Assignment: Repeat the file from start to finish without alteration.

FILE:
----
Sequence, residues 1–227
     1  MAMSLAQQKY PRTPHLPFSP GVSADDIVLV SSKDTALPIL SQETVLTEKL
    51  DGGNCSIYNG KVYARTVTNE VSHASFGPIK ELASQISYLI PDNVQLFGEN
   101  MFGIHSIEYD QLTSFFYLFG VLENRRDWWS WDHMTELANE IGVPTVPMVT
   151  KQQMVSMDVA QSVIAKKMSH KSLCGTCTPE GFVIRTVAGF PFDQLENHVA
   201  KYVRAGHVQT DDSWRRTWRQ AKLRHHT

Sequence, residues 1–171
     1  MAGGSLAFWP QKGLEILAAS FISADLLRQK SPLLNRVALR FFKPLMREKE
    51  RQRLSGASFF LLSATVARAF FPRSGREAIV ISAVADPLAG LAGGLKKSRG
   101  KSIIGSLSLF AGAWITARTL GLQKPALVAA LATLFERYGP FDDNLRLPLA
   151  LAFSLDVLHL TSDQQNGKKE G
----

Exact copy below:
Sequence, residues 1–227
     1  MAMSLAQQKY PRTPHLPFSP GVSADDIVLV SSKDTALPIL SQETVLTEKL
    51  DGGNCSIYNG KVYARTVTNE VSHASFGPIK ELASQISYLI PDNVQLFGEN
   101  MFGIHSIEYD QLTSFFYLFG VLENRRDWWS WDHMTELANE IGVPTVPMVT
   151  KQQMVSMDVA QSVIAKKMSH KSLCGTCTPE GFVIRTVAGF PFDQLENHVA
   201  KYVRAGHVQT DDSWRRTWRQ AKLRHHT

Sequence, residues 1–171
     1  MAGGSLAFWP QKGLEILAAS FISADLLRQK SPLLNRVALR FFKPLMREKE
    51  RQRLSGASFF LLSATVARAF FPRSGREAIV ISAVADPLAG LAGGLKKSRG
   101  KSIIGSLSLF AGAWITARTL GLQKPALVAA LATLFERYGP FDDNLRLPLA
   151  LAFSLDVLHL TSDQQNGKKE G